given us the response that we should give to Him.  We are responsive
creatures.  We are just like the flower that grows towards the sun.  We
are like the child who is content in his mother-s embrace, and returns
love for love, if indeed we act in keeping with how we were created.  If
we are obedient to God, if we love Him, and if we learn of Him, then we
will be using the talent, but God will not reap obedience from us
unwillingly.  He presents to us a marvelous table, a festal table spread
out for us, with all good meats to eat.  We should see the mercy of God,
if we have eyes to see and ears to hear, in everything, every moment of
the day.  We see His mercy in His body and blood which is given to
nourish us.  We see His mercy in all of the sacraments of the church. 
We see His mercy in the sweetness of all of the prayers that we sing,
and how they touch us in a way that nothing else can.  We even see His
mercy in the elements, the weather, such as this pleasant day.  We
should see His mercy in everything, and God gives to us abundantly.  And
he does not force to be obedient.  This is the meaning of what that
wicked servant had said.  He prophesied correctly and truly; God will
not force us.  God gives us everything needful, and we respond, if only
we respond as a child responds to his mother or father.

The one talent that the wicked servant has is taken and given to the man
that has ten.  This man has an infinite capacity for more talents.  He
will be given more, and more, and more, because God will fill us.  Since
He is all in all, we, if we are worthy, and if we live a life in
accordance with Who He Is and how He has taught us how to live, we will
be ever expanding, and ever be being filled.  And the man with five
talents, he will be increased as well. 

There certainly is taught in this difference between the man with 10
talents and the man with 4 talents, that there is a hierarchy in Heaven
and there are many mansions in our Father-s house. How we live our life
determines how much we will know God, and how much we will be given. 

May God help us to live as Christians, to take the talents we have been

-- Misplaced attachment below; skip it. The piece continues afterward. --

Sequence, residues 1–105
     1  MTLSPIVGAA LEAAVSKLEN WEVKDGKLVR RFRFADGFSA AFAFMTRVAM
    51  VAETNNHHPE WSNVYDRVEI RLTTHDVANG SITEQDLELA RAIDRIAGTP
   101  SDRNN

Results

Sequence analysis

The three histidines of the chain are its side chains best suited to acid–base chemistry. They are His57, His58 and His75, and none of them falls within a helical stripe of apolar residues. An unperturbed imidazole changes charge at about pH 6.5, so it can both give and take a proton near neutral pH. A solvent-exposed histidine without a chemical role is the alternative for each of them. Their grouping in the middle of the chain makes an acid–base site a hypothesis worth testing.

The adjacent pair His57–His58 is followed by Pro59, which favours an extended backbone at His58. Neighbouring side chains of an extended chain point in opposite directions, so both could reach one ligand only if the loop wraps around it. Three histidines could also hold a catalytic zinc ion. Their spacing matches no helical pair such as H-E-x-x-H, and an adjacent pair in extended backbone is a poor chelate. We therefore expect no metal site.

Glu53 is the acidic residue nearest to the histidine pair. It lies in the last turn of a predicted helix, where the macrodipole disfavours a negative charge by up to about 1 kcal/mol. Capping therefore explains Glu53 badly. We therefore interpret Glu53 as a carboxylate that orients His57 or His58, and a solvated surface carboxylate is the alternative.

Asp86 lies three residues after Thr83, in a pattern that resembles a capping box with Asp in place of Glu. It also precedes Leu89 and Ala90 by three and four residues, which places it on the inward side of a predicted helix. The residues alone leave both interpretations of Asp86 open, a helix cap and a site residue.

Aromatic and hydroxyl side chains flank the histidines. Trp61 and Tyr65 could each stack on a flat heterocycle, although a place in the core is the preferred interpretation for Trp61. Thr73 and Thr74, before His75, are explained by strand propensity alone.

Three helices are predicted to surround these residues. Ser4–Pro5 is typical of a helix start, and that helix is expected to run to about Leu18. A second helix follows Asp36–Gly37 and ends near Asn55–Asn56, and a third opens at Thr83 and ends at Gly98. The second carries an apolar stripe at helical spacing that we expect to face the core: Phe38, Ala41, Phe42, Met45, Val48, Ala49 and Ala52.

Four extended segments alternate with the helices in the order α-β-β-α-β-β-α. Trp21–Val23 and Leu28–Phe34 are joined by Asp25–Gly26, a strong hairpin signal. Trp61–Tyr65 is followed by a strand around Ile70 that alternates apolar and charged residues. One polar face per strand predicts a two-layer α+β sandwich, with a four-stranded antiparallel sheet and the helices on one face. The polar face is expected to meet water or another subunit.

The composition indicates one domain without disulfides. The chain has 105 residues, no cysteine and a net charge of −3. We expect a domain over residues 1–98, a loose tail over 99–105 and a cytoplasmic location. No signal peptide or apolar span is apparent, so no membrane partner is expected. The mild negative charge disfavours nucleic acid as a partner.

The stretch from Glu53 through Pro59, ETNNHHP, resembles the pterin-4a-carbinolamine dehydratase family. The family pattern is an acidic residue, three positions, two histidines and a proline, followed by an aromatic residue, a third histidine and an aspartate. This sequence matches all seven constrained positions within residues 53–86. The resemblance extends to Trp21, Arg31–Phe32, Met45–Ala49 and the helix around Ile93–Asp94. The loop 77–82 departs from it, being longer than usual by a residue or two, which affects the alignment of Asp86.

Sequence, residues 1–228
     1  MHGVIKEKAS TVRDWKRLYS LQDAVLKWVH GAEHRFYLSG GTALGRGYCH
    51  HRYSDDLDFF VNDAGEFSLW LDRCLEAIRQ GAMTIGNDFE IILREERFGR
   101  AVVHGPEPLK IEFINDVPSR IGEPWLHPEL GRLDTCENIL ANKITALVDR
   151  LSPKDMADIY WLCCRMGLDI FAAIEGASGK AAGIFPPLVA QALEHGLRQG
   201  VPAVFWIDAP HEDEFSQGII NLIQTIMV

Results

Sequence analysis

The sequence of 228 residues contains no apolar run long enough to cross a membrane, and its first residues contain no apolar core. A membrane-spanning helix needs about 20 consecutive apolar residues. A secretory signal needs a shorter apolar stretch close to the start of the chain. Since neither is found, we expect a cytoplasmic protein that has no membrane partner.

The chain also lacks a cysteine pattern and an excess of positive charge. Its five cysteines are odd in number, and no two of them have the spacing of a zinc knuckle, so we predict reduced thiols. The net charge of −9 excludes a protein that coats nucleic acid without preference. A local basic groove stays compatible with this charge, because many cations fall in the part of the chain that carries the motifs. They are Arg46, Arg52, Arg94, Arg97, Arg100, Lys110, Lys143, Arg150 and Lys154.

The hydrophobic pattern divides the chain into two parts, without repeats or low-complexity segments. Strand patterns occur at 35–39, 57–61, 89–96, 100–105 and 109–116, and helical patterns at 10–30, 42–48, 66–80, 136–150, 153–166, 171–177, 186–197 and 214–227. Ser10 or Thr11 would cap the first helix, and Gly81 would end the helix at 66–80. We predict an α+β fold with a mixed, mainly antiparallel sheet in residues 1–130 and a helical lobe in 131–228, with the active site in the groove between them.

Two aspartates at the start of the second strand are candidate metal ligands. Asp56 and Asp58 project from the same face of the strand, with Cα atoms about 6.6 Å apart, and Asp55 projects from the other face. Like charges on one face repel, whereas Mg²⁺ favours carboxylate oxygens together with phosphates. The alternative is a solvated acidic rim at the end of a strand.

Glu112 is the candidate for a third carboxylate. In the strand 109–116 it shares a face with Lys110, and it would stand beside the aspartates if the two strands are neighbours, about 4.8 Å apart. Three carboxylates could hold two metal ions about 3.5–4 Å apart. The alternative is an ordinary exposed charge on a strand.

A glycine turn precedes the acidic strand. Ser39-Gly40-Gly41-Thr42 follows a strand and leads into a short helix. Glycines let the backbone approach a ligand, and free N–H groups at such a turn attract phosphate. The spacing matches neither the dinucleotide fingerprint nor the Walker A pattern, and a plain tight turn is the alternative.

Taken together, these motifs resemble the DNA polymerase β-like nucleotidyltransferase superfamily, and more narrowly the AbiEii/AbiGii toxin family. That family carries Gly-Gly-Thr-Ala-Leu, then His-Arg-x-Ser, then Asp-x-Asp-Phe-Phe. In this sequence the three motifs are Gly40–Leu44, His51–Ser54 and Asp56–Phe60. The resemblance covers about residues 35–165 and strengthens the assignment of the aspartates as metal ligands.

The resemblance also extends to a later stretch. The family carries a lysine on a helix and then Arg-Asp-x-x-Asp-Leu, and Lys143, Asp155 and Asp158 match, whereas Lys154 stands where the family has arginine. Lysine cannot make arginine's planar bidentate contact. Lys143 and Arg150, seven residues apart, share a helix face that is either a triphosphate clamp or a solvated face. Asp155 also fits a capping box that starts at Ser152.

given - God-s grace, His mercy, and allow them to change us.  Isn-t that
what we do in our life?  Aren-t we always growing, aren-t we always
changing?  We see a lot of growth in our parish.  We have three infants
and a toddler, and we see how much they change every day.  

God helps us to live as Christians.  God help us to change and grow. 
God help us to not make any excuses like this man, putting the onus on
God instead of on ourselves.  God help us not to make an excuse that we
do not have a certain ability and therefore that is why we are not doing
something.  Everyone has the ability, given them by God, to love and to
be filled with Him.  Everyone, every man that has ever been born, and
everyone that will ever live, God has given great grace and abundant
mercy, and He only asks us to respond.  God grant you that the talents
you have been given would ever expand, and will bear great fruit,
abundantly. 

Amen. 



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Sixteenth Sunday after Pentecost

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Sixteenth Sunday after Pentecost

The Parable of the Talents

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 This homily was transcribed from one given On August 22,  1996
according to the church calendar, being the Sixteenth Sunday after
Pentecost, and also the Sunday before the exaltation of the Holy Cross.
There are some stylistic changes and minor corrections made and several
footnotes have been added, but otherwise, it is essentially in a
colloquial, ?spokenŽ style. It is hoped that something in these words
will help and edify the reader, but a sermon read from a page cannot
enlighten a soul as much as attendance and reverent worship at the Vigil
service, which prepares the soul for the Holy Liturgy, and the hearing
of the scriptures and the preaching of them in the context of the Holy
Divine Liturgy. In such circumstances the soul is enlightened much more
than when words are read on a page. 

 2 Cor 6:1

 Matthew 25:24-25

 Matthew 25:24